But why is female pug shedding correlated to its heat cycle? Well, experts say that the pug’s hormone levels will fluctuate during the cycle (like in most animals) but its more intense in pugs and thus affect the shedding process.

4. Shed Dead hair during Baths

Bathing your pugs can send signals that the pets should shed more heavily. The bathing process implies that you’ll be massaging and scrubbing the pug’s coat to achieve the best clean.

But, in addition to cleaning the pug, bathing motions will loosen its hair while the washing agents such as shampoo will break down the skin’s natural oils that could have been holding down some of the dead hairs.

5. Spring and Autumn Shedding

Seasonality will also affect the level of shedding in your pug dog. Despite that pugs tend to shed all year round, it will more intense during the spring and autumn seasons.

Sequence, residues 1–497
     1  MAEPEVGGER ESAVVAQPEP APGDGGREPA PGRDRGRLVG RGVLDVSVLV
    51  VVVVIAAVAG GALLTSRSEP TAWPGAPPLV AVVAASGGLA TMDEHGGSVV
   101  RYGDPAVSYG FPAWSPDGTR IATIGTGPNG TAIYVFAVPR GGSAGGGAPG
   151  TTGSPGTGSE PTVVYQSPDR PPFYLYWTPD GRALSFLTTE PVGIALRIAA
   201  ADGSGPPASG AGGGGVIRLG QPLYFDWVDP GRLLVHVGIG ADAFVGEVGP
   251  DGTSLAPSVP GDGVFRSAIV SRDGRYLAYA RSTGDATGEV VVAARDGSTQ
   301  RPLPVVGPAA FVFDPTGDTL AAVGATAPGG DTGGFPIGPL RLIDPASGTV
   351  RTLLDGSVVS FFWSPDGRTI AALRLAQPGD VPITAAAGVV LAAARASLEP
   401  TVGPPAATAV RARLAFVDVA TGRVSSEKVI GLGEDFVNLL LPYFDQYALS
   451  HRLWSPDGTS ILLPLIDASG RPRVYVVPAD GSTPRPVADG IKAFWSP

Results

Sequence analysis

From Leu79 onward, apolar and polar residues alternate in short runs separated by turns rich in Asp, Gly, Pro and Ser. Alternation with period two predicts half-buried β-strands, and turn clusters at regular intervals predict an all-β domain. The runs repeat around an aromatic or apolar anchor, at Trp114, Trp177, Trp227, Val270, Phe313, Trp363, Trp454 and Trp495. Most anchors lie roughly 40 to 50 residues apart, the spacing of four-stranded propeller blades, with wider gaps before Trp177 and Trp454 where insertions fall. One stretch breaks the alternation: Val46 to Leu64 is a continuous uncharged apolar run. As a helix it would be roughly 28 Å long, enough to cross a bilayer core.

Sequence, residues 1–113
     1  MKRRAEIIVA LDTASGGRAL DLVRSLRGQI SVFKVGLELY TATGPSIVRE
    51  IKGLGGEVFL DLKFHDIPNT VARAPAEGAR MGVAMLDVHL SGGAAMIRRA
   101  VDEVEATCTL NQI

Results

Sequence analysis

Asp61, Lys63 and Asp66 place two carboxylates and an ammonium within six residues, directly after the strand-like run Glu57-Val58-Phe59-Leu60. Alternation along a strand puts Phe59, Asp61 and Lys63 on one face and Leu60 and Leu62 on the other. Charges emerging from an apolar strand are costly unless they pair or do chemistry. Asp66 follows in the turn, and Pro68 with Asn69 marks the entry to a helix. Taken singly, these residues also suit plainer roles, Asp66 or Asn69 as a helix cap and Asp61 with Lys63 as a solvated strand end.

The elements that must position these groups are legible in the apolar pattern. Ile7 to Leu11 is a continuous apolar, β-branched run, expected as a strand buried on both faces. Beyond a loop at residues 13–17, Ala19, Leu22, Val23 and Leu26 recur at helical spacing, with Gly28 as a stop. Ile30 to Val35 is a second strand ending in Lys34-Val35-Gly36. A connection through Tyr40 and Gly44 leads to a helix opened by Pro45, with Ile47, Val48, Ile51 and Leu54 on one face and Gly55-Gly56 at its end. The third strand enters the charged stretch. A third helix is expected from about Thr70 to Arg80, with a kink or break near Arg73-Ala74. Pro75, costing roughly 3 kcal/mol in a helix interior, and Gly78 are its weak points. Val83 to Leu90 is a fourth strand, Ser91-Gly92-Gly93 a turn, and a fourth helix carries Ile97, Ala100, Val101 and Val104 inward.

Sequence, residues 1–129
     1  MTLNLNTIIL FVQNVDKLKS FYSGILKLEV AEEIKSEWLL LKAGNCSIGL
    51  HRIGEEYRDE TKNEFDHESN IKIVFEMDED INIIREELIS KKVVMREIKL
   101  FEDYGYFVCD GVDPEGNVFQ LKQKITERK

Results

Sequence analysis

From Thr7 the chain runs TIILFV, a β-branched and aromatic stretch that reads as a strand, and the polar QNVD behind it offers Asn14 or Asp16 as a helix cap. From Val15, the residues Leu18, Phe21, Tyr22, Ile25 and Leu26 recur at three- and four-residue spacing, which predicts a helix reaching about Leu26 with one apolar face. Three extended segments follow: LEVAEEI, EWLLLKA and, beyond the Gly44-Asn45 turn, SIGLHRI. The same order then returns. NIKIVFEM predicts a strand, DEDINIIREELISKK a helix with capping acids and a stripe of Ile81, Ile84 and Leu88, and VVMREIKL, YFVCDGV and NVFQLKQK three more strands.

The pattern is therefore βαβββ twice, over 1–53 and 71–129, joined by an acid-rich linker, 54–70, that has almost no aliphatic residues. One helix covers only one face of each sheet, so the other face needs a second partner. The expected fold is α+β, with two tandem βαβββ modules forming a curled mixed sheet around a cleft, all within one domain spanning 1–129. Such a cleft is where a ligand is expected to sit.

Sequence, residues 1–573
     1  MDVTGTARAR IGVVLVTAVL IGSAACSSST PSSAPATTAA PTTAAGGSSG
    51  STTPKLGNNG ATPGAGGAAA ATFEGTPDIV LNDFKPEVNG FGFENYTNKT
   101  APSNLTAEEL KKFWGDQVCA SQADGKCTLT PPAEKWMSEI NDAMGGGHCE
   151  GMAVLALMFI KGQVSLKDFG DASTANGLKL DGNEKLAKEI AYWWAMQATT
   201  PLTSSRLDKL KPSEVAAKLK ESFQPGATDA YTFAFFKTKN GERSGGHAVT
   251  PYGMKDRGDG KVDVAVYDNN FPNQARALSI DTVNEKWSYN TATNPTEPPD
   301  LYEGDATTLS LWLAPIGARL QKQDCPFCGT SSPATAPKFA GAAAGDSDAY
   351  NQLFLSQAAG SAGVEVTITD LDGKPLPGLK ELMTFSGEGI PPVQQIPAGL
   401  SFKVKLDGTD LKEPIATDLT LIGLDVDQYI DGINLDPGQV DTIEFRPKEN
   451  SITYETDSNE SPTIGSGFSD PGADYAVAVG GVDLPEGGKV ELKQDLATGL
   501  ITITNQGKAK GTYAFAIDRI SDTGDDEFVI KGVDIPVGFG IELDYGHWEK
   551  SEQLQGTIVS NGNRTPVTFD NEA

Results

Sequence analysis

But why? Well, the changes in temperature levels (and sunlight hours) during these seasons will promote more shedding.

For example, days are shorter in autumn and hence the pug’s coat will be signaled to shed more fur to enable a thicker coat to develop. However, the pug will shed their winter coat when the sun shined for extended hours and days become longer. 

6. Parasites like Ringworm 

The parasitic attacks include the demodectic mange where the pug loses its fur around the legs, trunk & or the eyes. This may leave some lesions on the pug’s skin that seem crusted over and irritating. For example, ringworms signify some infections that may lead to shedding.

The ringworms form circular bald raw or red spots around the limbs, ears, paws, and head. The pug must be treated to avoid infesting other of your furry friends.

7. Allergies

Pugs may experience some allergic reactions to different things. For example, my fawn pug is allergic to pollen and grass. But how will you identify the allergic triggers?

Well, you’ll notice some rampant licking or itching on your pug, particularly in summer. However, your vet may prescribe suing either steroids or antihistamines. In addition, if your pug is bitten by some insects, their skin might break and equally form patches similar to those caused by ringworms on their coat.

How to Control Pug Shedding